After displaying my amazing singing skills, we went to the Jackie Robinson Sports Center.Here, all of the SAAC members worked with Special Olympic athletes on some softball drills.This experience was extremely rewarding and enriching.Following the softball drills, the Division I SAAC members played the Division II and III members in kickball.During the first game I would become a goat for striking out, which is sad considering I play soccer.I, however, did gain some kickball respect five minutes later when I made a great diving catch.Although we lost to the Division III team, we had a great time.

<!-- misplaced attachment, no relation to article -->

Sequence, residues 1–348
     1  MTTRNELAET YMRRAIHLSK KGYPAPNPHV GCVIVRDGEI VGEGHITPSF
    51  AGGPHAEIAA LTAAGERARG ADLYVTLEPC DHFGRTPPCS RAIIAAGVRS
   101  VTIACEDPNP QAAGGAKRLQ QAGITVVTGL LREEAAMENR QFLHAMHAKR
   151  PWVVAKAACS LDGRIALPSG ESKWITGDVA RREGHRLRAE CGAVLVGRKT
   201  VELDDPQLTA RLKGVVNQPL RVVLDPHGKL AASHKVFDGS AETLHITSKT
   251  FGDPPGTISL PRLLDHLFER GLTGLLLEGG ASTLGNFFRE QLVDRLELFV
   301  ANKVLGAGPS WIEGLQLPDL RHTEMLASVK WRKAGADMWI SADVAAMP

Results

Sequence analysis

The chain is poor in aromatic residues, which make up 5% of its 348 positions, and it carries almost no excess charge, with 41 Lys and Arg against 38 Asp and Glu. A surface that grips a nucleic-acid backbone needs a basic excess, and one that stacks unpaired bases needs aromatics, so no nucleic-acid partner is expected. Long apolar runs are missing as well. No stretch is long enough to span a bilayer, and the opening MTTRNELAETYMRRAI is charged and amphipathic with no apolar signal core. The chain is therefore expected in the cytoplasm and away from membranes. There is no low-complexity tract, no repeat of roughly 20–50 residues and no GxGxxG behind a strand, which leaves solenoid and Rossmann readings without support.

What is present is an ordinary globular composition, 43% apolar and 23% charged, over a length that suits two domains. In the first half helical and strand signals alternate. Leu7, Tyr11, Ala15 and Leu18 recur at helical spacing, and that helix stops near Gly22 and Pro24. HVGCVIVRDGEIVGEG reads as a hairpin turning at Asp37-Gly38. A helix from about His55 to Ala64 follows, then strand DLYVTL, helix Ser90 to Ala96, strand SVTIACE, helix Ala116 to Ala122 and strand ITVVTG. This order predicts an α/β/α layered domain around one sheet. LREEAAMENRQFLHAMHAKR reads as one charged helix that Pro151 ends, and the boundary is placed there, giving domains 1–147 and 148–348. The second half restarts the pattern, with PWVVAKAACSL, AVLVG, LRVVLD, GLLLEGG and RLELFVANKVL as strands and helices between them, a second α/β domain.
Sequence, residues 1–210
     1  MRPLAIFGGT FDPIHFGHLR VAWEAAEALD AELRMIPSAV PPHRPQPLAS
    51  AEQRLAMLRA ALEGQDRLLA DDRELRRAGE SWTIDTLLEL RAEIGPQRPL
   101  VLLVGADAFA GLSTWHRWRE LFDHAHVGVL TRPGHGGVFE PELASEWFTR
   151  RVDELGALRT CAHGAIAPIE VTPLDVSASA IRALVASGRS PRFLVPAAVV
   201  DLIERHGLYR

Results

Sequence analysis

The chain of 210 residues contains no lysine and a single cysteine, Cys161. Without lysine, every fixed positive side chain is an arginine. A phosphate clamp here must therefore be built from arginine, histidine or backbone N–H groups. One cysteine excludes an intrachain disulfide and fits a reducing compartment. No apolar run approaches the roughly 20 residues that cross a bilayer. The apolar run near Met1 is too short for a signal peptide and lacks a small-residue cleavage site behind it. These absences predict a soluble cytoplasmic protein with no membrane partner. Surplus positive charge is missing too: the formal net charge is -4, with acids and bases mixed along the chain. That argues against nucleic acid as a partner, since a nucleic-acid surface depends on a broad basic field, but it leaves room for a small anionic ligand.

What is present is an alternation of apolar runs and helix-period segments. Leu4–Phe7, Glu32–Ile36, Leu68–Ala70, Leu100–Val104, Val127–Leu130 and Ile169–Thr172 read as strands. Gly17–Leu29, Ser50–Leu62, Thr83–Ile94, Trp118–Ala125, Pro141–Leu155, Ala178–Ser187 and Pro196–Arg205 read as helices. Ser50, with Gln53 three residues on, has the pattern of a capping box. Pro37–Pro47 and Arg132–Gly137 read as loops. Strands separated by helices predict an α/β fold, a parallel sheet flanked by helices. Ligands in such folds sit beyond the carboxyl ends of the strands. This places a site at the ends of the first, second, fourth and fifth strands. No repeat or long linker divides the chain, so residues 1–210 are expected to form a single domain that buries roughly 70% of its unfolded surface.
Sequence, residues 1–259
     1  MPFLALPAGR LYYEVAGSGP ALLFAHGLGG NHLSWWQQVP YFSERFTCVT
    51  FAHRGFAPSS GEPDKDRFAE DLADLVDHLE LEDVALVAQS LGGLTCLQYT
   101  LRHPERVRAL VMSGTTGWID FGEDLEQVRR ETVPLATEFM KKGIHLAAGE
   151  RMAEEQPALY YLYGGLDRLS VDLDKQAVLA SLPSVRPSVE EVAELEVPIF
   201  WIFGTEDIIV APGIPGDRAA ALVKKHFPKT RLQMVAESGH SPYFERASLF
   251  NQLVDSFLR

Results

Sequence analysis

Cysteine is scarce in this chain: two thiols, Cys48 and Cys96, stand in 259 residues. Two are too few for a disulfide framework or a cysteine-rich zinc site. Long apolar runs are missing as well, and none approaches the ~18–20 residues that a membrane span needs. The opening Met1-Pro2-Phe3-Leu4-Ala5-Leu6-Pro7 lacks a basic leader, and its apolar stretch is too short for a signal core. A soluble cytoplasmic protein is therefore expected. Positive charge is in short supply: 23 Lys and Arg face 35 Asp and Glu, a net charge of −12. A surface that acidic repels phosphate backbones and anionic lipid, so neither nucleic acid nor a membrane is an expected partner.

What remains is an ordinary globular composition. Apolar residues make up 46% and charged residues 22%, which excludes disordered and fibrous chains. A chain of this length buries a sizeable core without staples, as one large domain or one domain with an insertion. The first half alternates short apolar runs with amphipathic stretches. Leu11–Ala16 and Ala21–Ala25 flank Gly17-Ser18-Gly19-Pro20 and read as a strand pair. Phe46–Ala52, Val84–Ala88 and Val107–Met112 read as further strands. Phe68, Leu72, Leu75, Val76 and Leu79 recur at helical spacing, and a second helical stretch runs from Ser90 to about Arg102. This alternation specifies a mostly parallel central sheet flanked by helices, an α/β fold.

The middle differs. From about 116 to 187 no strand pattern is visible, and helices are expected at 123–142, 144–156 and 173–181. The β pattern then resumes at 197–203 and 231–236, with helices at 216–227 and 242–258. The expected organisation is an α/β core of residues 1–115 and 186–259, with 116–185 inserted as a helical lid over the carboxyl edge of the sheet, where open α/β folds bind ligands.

Additional meetings occurred over the next couple of days, and we discussed many important issues.My favorite conversation was when we discussed the topic of commercialism with Greg Shaheen, NCAA Senior Vice President of Basketball and Business Strategies.Overall I had an awesome experience in Denver, and I am looking forward to my future endeavors with the Division I SAAC.

Zach Solomon, The Patriot League
There seems to be a lot of hoopla about the story that broke on Friday involving The University of Michigan and the allegations that their football team was over the 20 hour limit. I have no idea what is going on in Wolverine country, but I do know that there are a number of common misconceptions that student-athletes have about 20-hour and 8-hour practice limitations.